Although being trained to be researchers and scientists, grad students are often unfamiliar with how to negotiate their understanding within interdisciplinary arenas. A recent mechanical engineering doctoral graduate, Mitch Pryor, reexamined the teaching of science through this approach. Observing a history professor who integrated storytelling in his teaching led Pryor to conclude that teaching science should "focus on developing a scientific literacy in a student" and move beyond the fundamentals of scientific fact alone.
Although the skills we learn in grad school are not uniquely suited to academe, recognizing and adapting them to environments other than university classrooms is too often regarded as the road less taken. In echoing the goals of the IE program, these accounts reveal that graduate students can successfully leverage scientific, academic experience as citizen-scholar entrepreneurs, writers, and teachers.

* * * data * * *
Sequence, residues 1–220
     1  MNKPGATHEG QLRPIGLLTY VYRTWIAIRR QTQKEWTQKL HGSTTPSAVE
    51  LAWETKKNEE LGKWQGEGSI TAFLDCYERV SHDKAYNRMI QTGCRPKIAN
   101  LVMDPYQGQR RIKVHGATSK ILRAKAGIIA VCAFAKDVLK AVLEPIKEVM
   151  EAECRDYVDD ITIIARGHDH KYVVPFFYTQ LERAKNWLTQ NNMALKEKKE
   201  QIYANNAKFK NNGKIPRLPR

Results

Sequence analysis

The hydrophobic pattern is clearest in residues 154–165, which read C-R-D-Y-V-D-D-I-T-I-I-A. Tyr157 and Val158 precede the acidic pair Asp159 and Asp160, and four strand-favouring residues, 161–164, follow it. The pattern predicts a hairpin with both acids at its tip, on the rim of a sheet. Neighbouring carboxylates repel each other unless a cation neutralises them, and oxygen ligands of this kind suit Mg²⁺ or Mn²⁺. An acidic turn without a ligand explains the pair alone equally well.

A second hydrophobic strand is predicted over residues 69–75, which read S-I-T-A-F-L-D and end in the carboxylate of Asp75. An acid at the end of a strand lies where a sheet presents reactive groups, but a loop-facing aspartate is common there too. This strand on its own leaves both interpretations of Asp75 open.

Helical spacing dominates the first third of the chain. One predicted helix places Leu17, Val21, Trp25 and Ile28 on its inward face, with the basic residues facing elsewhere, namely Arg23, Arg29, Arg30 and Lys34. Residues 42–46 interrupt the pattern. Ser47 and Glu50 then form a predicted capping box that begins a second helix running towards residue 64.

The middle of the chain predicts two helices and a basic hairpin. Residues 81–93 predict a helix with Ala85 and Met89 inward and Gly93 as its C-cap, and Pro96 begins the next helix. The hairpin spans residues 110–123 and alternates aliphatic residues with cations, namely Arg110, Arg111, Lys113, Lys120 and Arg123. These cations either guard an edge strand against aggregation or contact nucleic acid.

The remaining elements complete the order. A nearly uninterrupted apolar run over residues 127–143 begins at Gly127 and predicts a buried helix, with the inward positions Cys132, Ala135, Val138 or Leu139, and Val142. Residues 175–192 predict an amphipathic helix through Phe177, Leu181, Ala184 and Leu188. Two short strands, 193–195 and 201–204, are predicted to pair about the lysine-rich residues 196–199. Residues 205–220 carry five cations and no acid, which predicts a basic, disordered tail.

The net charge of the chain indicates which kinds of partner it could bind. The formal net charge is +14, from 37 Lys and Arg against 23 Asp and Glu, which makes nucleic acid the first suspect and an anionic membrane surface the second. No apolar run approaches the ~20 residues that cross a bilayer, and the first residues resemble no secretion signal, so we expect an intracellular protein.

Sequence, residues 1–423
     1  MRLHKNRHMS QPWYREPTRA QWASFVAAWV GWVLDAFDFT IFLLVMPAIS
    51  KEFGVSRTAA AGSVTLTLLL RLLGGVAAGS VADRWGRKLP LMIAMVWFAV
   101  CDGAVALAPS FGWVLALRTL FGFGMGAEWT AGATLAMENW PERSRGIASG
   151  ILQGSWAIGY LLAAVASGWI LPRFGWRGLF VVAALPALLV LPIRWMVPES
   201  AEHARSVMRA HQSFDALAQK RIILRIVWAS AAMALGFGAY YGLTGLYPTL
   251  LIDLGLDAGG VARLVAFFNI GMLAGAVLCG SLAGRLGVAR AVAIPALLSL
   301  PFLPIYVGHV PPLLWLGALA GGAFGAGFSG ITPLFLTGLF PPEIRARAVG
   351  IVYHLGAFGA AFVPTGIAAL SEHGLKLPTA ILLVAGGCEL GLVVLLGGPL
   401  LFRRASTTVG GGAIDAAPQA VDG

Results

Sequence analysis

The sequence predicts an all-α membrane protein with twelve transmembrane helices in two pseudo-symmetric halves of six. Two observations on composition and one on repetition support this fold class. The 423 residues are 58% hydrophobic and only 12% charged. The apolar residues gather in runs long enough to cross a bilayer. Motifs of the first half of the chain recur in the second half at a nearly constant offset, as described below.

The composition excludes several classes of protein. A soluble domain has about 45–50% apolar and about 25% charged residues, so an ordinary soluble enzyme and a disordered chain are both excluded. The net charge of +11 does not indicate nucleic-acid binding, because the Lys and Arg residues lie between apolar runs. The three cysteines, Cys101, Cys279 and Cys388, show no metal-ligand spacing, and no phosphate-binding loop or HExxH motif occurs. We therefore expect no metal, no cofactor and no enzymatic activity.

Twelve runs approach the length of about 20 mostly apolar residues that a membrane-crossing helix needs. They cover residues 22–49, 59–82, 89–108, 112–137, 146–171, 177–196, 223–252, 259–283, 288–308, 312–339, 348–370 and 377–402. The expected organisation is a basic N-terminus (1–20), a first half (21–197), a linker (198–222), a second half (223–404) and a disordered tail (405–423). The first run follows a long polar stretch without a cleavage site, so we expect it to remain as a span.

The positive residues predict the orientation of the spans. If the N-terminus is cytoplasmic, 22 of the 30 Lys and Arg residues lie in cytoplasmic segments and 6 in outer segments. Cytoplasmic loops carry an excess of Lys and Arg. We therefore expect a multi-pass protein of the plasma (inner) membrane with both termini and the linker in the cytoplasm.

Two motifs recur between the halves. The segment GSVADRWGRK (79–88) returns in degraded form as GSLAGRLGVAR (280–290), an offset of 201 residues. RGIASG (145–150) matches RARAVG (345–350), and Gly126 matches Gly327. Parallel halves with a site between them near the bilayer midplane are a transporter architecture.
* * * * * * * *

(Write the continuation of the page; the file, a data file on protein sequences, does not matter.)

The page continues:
Yet the illusion prevails that graduate students are selling themselves out by pursuing nonuniversity or nontechnical careers. Venturing into the context of complimentary disciplines should not be misconceived as graduate students snubbing the very institutions that confer their degrees. On the contrary, citizen-scholars seek broader venues where we can use our interests and education to make a difference in our lives, our disciplines, and in our communities.
As the recent story in The Washington Post suggests, finding Ph.D.?s throughout the postacademic world is hardly a headline story, but a natural choice for those who aspire to have an impact. Consider the open secret that learning occurs everywhere--not just in classrooms--and throughout life. Although learning backward should be a cornerstone of academia, it?s more powerful when the boardroom is a classroom and members of the board are students. Then students can individually recognize their charge within the Web spaces of the Internet, the halls of Congress, and the streets of any community, where their skills can be disseminated in the best lecture hall of all: society at large.
The authors are pursing their doctoral degrees at the University of Texas, Austin. Chu is working in linguistic anthropology, while Evans is pursuing a degree in mechanical engineering.